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Executive Summary for August 25th

In this weekly roundup, we analyze key water developments around the West, including a proposed clean-water tax in California, and new uncertainties surrounding a proposed Colorado River pipeline in Utah. We also look at ongoing tree mortality in the wake of the California drought.

Published on Aug. 25, 2017 Read time Approx. 3 minutes

New Tax Would Fund Clean Water in California

A bill in the California Legislature would impose a tax on every water customer in the state to fund clean water programs.

The tax, amounting to 95 cents per month for both commercial and residential water users, would generate $2 billion over 15 years. It is supported by an unusual alliance of both environmental groups and farmers. The bill, SB 623, was introduced by Sen. Bill Monning, D-Monterey, and has bipartisan support.

“This is very, very important to my constituents,” Sen. Andy Vidak of Hanford told the San Jose Mercury News. Vidak is a San Joaquin Valley cherry farmer and a Republican who is co-sponsoring the bill.

The bill is opposed by the California Association of Water Agencies, however, who fear that taxing drinking water sets a dangerous precedent. They’d rather see state general fund monies used to clean up contaminated drinking water. Other critics say it’s unfair to tax every water user to clean up contamination for which they are not to blame.

But many of the state’s water contamination problems can be traced back to farming, a water use that benefits every Californian each time they visit the grocery store.

Utah Doesn’t Know What Colorado River Pipeline Will Cost

The Federal Energy Regulatory Commission (FERC) has told the state of Utah it needs more financial information before it can review the state’s proposal to build a 140-mile pipeline to transport Colorado River water to St. George and other cities in the southwest corner of the state. In particular, FERC wants to know how much the project will boost individual water bills.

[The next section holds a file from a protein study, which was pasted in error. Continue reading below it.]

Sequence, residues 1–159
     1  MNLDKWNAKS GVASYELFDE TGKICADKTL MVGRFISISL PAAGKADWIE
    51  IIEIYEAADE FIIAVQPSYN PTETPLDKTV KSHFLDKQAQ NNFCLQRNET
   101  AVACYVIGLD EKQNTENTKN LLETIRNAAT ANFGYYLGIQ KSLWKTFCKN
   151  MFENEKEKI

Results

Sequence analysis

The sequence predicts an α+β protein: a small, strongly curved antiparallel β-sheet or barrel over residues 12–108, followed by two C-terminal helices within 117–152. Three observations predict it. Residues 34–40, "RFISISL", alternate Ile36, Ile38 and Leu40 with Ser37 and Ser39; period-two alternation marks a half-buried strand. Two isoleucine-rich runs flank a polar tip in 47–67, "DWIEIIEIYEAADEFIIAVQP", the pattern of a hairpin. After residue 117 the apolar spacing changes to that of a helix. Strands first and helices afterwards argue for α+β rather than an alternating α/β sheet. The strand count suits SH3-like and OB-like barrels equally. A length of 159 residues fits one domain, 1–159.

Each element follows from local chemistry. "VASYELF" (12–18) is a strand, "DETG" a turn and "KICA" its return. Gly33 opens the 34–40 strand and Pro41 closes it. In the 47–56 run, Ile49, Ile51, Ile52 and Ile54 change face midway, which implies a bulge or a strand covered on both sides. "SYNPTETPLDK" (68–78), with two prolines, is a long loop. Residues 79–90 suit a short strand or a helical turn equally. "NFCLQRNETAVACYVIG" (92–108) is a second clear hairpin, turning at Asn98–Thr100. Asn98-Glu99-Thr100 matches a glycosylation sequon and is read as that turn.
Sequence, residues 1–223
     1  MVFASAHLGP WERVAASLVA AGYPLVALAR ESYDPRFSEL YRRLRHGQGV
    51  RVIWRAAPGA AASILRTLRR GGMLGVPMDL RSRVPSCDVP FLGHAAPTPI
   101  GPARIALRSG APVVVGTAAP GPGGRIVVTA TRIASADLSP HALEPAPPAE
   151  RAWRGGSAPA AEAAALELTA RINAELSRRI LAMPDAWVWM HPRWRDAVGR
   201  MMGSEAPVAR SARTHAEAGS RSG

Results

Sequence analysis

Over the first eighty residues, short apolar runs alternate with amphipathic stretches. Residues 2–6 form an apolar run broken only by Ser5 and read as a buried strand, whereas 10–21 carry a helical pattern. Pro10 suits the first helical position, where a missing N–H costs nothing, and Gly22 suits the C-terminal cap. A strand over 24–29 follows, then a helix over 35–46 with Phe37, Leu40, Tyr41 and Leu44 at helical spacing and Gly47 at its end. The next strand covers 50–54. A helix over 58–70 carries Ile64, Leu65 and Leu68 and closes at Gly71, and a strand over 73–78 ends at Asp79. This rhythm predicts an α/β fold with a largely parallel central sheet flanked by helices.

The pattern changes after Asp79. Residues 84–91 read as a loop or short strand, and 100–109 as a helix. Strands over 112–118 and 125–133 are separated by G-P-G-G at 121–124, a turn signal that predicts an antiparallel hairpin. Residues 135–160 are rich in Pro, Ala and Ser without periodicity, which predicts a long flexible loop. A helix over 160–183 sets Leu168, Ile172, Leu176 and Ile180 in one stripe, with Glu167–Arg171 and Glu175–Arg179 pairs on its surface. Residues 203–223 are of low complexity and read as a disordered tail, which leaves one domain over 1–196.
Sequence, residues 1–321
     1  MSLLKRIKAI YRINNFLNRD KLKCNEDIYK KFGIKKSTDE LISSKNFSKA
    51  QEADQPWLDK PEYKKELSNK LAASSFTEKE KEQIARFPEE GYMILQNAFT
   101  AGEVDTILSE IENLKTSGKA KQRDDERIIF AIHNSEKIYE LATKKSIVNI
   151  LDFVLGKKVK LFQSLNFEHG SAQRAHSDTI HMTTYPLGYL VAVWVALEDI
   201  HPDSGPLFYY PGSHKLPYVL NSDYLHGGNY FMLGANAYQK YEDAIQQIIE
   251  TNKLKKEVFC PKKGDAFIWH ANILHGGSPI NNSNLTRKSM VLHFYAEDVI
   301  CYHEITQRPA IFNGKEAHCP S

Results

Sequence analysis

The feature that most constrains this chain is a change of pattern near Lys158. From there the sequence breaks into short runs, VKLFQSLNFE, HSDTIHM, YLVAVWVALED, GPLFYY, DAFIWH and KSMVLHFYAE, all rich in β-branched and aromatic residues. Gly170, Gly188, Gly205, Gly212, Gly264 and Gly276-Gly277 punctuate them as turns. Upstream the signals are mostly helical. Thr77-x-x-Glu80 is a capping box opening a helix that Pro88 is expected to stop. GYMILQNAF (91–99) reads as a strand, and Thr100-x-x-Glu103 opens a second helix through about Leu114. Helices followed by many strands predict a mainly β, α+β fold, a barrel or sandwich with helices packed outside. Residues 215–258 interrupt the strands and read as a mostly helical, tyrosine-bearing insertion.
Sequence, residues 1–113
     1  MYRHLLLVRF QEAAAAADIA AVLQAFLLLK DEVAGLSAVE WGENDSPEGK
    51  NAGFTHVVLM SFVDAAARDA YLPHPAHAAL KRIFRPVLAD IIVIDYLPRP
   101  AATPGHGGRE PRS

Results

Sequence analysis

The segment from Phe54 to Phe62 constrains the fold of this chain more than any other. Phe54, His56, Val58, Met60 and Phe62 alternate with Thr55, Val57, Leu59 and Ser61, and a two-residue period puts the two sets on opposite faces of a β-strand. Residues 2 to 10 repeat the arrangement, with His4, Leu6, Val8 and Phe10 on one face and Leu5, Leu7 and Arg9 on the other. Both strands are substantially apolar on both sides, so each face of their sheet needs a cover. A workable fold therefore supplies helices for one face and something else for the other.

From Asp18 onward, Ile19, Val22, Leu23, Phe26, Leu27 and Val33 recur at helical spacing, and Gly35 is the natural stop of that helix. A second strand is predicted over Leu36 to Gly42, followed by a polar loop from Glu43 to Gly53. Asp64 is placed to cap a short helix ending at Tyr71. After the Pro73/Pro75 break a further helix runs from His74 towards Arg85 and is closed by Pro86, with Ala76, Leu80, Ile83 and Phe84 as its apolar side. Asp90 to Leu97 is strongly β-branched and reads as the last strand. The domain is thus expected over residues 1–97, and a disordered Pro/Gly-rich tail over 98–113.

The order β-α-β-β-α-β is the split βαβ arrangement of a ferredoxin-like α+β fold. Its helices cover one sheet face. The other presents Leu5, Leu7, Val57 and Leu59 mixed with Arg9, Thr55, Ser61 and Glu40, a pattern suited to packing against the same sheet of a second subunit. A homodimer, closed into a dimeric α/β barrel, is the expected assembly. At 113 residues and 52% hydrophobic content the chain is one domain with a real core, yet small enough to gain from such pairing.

The state, despite working on the proposal for several years, does not have the answers. The pipeline is estimated to cost $1.4 billion, but the state doesn’t have a financing plan for the project and doesn’t know how it will affect ratepayers in Washington and Kane counties, intended as the primary beneficiaries of the pipeline.

FERC also asked for additional water use data and for more details about cultural resources along the proposed route of the pipeline. It gave the state 60 days to provide the additional information.

The move could be seen as an important barometer of priorities at FERC, recently remade with a new roster of commissioners under the Trump administration.

“We’re pleased to see they’re at least asking the right questions,” Zach Frankel, executive director of the Utah Rivers Council, told the Salt Lake Tribune.

Joel Williams, assistant director of the development branch of the Utah Division of Water Resources, said the state will submit additional financial information to FERC. But he said the state does not have all the specifics the feds requested, such as how much the pipeline will cost ratepayers, and is not likely to have estimates in two months.

California Drought Is Over, but Not the Forest Apocalypse

A wet winter may have officially ended California’s five-year drought, but millions of trees are still dying throughout the state’s forests.

National Public Radio reports that nobody knows how long the trees will continue dying. The drought was a 500-year event. Human records don’t include data on how long it takes trees to recover from such a drought – or if they will at all.

“Even after this very wet winter, we’re still seeing trees dying at abnormally high rates in the forests where we’re looking,” said Adrian Das, a forest ecologist with the U.S. Geological Survey.

The U.S. Forest Service announced in November 2016 that more than 102 million trees had been killed by the drought, based on aerial surveys. That number is expected to grow: Many trees may have been tipping toward death at the time of the survey, but not enough to offer visual cues. There will be ripple effects for years to come, including habitat changes and increased fire risk.

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